The idea of time without beginning leads us to abandon the notion of time.

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Parent debateThis argument is used in the debate Does God exist?.
Argument againstThis argument is an objection to The universe has no beginning.
Keywords: Cosmological argument, First cause, God, Time[ edit ].



“The only rational solution, in terms of conceptual coherence (the only thing we can judge here), to give a realistic meaning to the notion of "imaginary time" is to abandon the notion of time. We would then have to opt for the idea of atemporal time. A reformulation of Hawking's theory would be to say that below the Planck Wall, we arrive at an atemporal universe. But this hypothesis itself seems difficult to sustain. Firstly, because an atemporal physical reality would have to be absolutely immutable, unchanging, and therefore absolutely cold. The problem is that the initial physical state of the universe, however quantum, is anything but cold. On the contrary, it is extremely hot. But it gets worse: such a state of the universe, if it is atemporal, cannot be in a temporal relationship with the temporal universe, so it cannot exist "before" the Big Bang, but must coexist with it eternally. This would presuppose that this original atemporal universe continues to exist today in this atemporal state, which is contradictory to the hypothesis, since it is supposed to have "transformed" itself into our universe. What's more, since this atemporal state never began, the universe should have sprung from it an infinite time ago (a temporal reflection of timelessness), which is clearly not the case, since our universe has a finite past. Surely, in place of the = 0 singularity of standard theory, we can conceive of an immutable, simple, atemporal, universe-producing and truly subsistent reality. But as this cannot be a physical reality, we are simply describing a non-physical, timeless, immaterial, all-powerful reality with a free will. And we call it "God".”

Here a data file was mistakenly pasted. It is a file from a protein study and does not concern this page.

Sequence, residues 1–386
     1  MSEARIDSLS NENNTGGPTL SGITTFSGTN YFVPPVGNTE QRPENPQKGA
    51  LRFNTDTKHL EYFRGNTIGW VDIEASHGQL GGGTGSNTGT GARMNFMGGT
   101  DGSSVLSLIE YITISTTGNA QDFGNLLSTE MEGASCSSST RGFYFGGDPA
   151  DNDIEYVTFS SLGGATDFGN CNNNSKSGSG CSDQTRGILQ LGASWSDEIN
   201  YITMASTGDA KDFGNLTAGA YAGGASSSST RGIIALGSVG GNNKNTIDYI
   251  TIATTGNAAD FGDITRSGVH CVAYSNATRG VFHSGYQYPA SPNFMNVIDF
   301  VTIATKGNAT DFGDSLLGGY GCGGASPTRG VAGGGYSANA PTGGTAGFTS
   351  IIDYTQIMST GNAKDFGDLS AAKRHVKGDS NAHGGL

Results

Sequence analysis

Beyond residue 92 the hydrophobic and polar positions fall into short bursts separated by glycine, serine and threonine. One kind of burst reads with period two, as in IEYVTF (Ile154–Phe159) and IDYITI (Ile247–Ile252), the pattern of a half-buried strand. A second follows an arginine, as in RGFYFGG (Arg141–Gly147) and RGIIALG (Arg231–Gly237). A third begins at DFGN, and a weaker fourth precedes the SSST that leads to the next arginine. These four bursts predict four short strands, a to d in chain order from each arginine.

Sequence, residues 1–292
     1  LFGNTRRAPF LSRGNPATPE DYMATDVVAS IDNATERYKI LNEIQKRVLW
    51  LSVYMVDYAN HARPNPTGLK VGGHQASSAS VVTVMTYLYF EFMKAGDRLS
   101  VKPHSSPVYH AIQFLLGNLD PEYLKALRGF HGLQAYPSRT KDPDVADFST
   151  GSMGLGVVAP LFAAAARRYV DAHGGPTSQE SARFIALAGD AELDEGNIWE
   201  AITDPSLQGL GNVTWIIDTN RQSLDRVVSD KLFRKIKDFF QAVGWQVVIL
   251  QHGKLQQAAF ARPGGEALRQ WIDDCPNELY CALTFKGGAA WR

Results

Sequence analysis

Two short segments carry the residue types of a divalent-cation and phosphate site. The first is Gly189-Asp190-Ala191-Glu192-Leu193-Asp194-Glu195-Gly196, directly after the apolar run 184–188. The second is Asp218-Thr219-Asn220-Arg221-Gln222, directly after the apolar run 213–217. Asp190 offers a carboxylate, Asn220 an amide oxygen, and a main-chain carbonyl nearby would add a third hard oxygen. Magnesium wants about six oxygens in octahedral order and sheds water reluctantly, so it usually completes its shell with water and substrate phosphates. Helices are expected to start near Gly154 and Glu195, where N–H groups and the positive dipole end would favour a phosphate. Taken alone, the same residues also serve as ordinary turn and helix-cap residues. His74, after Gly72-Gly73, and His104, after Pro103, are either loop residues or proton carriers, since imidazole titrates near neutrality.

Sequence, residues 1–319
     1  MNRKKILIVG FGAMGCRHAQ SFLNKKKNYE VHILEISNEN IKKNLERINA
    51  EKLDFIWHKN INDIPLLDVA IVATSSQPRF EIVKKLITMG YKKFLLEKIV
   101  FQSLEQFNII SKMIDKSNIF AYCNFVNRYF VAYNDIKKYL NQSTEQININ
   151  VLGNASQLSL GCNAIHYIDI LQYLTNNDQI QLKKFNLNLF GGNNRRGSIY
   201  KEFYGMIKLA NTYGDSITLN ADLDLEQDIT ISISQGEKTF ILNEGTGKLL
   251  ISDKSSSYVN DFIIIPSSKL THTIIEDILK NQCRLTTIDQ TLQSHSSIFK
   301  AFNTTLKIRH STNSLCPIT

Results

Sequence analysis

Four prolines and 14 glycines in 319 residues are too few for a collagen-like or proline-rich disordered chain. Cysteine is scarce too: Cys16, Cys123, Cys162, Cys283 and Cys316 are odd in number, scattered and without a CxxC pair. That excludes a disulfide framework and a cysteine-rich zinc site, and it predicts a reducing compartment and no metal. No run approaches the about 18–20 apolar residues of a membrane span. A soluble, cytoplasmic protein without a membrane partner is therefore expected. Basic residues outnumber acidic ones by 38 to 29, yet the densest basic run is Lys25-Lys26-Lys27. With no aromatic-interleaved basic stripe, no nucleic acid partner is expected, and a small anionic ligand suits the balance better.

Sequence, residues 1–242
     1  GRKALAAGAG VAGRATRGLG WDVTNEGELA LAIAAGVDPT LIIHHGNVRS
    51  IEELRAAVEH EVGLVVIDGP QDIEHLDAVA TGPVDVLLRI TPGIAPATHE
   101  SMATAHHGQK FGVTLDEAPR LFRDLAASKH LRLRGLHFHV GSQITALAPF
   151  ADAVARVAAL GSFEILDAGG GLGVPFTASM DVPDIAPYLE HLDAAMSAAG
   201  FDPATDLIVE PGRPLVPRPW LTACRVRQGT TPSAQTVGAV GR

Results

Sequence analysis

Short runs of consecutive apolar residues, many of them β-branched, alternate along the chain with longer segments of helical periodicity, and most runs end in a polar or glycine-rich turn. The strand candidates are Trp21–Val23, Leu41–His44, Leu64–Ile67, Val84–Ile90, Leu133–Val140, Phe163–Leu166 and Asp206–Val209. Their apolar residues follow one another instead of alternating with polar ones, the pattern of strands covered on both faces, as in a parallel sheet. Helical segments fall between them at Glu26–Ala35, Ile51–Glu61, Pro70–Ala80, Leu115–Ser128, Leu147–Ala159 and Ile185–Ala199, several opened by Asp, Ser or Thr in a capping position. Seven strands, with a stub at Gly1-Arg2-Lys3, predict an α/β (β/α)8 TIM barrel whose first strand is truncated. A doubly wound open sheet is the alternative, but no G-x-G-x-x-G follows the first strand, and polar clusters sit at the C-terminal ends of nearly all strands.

Frédéric Guillaud, God exists, p.255-256, Éditions du Cerf, Paris, 2013.


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